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ForUM News from The University of Montana
  Jan. 30, 2012 | Vol. 40, No. 2 |
Welcome to ForUM, the e-newsletter for University of Montana staff, faculty and administrators. ForUM is published weekly during the academic year except during scheduled academic breaks.

UM launches branding research with consultant visit

Get ready, UM. MOM is coming to visit.


MOM stands for Mind Over Media, the Pittsburgh-based consulting firm the University hired to assist with strengthening and enhancing UM's marketing and communication efforts through development of a brand strategy. MOM was selected for the job last fall after a national search conducted by UM's 20-member Brand Strategy Task Force.


The company will host what it's calling a "Campus Invasion" on Tuesday and Wednesday, Jan. 31-Feb. 1, to begin the process of determining UM's strengths and distinctive characteristics. Meetings and working sessions will invite input from students, UM employees and the public. Everyone is encouraged to participate.


MOM will conduct a series of focused information gathering sessions both days with various campus constituents. Members of the public are invited to attend one of two interactive working sessions on Wednesday, Feb. 1, in the University Center North Ballroom. Interactive Working Session I will be held from 3 to 4 p.m., and Interactive Working Session II will be from 4:15 to 5:15 p.m. Campus officials hope for a big turnout from the community.


Read more

Construction begins on Rivertop expansion

Construction has started on a $3.5 million expansion for Rivertop Renewables, a renewable chemical company spawned by UM research. The expansion project will employ about 20 construction workers and should eventually lead to 25 new full-time jobs in Missoula.


The construction is taking place at the Montana Technology Enterprise Center (MonTEC), a technology and business incubator operated by UM at 1121 E. Broadway.


The expansion project involves two phases. The first will remodel the interior of the east side of the 32,000-square-foot MonTEC facility into enhanced laboratory and office space. The second phase will create a 2,000-square-foot "semi-works" pilot plant for ongoing research and development of Rivertop's unique brand of green chemicals.


Incorporated in 2008, Rivertop Renewables resulted from the research of Professor Emeritus Don Kiely, a retired chemistry faculty member who worked at UM for 11 years. Merging proven science with renewable resources, Rivertop is creating an abundant and economical supply of sustainable, biodegradable chemicals and bioproducts derived from renewable plant sugars.


A feature story about Rivertop Renewables is available in the latest issue of the Montanan, UM's alumni magazine.

UM receives $150,000 to study wolves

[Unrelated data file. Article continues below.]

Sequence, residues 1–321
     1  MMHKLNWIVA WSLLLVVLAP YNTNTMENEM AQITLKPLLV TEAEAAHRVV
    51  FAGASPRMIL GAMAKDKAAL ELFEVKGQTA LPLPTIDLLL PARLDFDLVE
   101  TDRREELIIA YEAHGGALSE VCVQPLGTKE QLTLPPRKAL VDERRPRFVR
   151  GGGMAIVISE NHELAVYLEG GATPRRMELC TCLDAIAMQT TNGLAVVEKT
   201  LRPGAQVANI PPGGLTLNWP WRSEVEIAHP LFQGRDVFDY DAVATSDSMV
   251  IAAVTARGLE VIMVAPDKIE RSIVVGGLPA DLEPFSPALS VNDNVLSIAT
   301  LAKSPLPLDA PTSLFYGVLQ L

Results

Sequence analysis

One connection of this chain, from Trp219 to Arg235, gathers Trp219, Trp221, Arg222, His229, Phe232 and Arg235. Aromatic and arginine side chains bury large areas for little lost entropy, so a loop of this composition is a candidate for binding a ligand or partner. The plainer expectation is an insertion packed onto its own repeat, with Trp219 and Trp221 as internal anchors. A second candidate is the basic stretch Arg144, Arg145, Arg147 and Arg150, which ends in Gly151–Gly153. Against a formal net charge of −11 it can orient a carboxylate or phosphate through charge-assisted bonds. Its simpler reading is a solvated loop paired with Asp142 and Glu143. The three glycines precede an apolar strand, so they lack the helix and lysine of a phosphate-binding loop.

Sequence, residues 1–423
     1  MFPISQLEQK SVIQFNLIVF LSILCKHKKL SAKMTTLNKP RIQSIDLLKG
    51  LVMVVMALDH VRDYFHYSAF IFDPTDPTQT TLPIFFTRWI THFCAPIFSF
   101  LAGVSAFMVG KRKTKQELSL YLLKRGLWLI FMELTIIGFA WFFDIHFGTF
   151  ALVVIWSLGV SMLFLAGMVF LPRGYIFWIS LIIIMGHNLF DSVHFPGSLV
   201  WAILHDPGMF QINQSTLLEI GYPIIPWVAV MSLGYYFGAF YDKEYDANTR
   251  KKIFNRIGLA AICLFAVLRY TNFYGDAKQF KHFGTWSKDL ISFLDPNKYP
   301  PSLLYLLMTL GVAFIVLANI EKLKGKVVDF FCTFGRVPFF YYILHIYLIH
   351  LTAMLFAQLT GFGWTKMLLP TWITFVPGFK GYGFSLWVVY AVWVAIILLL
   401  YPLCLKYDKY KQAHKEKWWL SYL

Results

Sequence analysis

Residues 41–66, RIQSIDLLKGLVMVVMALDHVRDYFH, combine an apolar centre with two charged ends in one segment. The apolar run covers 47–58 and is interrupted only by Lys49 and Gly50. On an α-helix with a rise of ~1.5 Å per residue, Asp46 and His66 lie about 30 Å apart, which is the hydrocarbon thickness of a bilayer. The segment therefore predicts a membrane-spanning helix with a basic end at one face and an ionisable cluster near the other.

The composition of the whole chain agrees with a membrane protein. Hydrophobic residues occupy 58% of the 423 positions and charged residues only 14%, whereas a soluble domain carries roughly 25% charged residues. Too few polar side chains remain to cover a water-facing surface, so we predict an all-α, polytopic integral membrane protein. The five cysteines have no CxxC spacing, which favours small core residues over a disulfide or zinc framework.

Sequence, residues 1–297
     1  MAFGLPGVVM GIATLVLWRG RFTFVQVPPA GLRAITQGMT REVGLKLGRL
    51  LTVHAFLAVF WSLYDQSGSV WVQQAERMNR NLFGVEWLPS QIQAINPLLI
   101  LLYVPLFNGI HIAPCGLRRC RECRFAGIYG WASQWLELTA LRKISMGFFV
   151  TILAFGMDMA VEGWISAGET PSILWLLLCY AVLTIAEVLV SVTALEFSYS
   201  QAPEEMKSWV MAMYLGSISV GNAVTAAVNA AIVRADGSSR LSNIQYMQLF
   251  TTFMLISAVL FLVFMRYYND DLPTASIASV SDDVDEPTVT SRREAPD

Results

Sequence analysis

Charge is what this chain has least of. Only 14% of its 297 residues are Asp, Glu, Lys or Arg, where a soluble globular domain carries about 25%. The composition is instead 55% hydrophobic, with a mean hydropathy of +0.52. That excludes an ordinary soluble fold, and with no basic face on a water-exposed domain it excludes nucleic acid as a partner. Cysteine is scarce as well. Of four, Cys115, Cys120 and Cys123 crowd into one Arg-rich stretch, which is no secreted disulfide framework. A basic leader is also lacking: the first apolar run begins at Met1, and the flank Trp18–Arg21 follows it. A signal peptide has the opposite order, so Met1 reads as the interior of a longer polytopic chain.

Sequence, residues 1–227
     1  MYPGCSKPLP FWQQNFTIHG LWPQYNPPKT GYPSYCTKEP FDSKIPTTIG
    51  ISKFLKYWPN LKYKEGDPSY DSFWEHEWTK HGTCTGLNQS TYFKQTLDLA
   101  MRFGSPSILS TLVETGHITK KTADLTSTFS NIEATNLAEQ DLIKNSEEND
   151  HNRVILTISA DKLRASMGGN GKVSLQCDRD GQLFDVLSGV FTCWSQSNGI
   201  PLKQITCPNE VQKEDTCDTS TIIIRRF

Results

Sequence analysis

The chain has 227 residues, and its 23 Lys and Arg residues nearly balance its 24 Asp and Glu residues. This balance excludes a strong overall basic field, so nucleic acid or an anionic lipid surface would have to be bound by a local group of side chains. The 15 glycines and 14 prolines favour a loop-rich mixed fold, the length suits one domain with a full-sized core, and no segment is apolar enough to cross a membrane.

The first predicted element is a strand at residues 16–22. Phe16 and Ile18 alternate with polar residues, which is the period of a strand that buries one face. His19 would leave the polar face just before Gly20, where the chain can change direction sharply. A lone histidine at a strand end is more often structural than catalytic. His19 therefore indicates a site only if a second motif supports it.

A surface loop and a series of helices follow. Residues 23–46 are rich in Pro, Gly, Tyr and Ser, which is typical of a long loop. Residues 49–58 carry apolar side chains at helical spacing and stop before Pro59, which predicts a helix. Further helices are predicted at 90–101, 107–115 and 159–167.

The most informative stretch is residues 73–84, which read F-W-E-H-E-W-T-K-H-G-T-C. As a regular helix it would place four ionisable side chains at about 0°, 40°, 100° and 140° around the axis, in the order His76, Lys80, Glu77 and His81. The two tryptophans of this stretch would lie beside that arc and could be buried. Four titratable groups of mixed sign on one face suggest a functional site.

UM's Montana Cooperative Wildlife Research Unit has received $150,000 from the Regina Bauer Frankenberg Foundation to study wolf populations in the Rocky Mountain region.


This gift will be used to study wolves across Alberta, Idaho and Yellowstone National Park. Mortality varies widely among the three areas and may impact pack behavior and ultimately population growth. Genetics will provide insight into how mortality might affect pack composition and stability.


"The Frankenberg Foundation's support was instrumental in helping us develop noninvasive survey methods for wolves," said David Ausband, research associate at MCWRU. "Now their continued generosity will allow us to use those cutting-edge tools to answer important and timely questions about wolf pack stability and wolf conservation in the Rocky Mountains."


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'Wild Waters in the West' lecture series kicks off

The UM Wilderness Institute will launch its spring 2012 Wilderness Issues Lecture Series, "Wild Waters in the West," on Tuesday, Jan. 31.


This series brings scholars, writers, scientists and explorers to UM to share stories of the ways in which water shapes natural landscapes, political boundaries and contemporary conservation initiatives. The guest lecturers also will explore how water continues to sculpt our natural, cultural and political environments across the globe.


The following lectures will be held at 7 p.m. Tuesdays in Gallagher Business Building Room 122 and are free and open to the public:


  • Jan. 31: "Indian Tribal Interests and Activities Relating to Western Waters," Joseph Hovenkotter, staff attorney, Confederated Salish and Kootenai Tribes.
  • Feb. 7: "Healing the Enlightenment Rift: Rationality, Spirituality and Shared Waters," Aaron T. Wolf, geography professor, Department of Geosciences, Oregon State University. 
  • Feb. 14: "Jacob's Island, a Reading," Phil Condon, assistant professor, UM Environmental Studies Program and author of "Montana Surround: Land, Water, Nature and Place."


 Read more for complete schedule

Lecture will examine legacies of civil rights icons

A leading historian of the civil rights era will deliver the annual Martin Luther King Jr. Day celebration lecture at UM.


Ralph Luker will present "Editing Two Civil Rights Icons: Martin Luther King Jr. and Vernon Johns" at 7:30 p.m. Wednesday, Feb. 1, in the University Center Theater. The event is free and open to the public.


Luker is the editor of a forthcoming collection of papers of Vernon Johns, a minister who was an important figure in the American civil rights movement. Luker also is a former associate editor of the Martin Luther King Jr. papers.


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Art historian to speak about Montana artist Fra Dana

The Montana Museum of Art & Culture at UM will present a lecture, "The Fra Dana Legacy," by UM art history and criticism Associate Professor Valerie Hedquist at 7 p.m. Thursday, Feb. 2, in the Performing Arts and Radio/Television Center's Masquer Theatre.


Hedquist co-authored the first-ever full biography on Dana with Sue Hart, a professor of English at Montana State University-Billings. Dana is the subject of the current MMAC exhibition "Fra Dana: American Impressionist in the Rockies," on display through Feb. 25 in the PAR/TV Center's Meloy Gallery.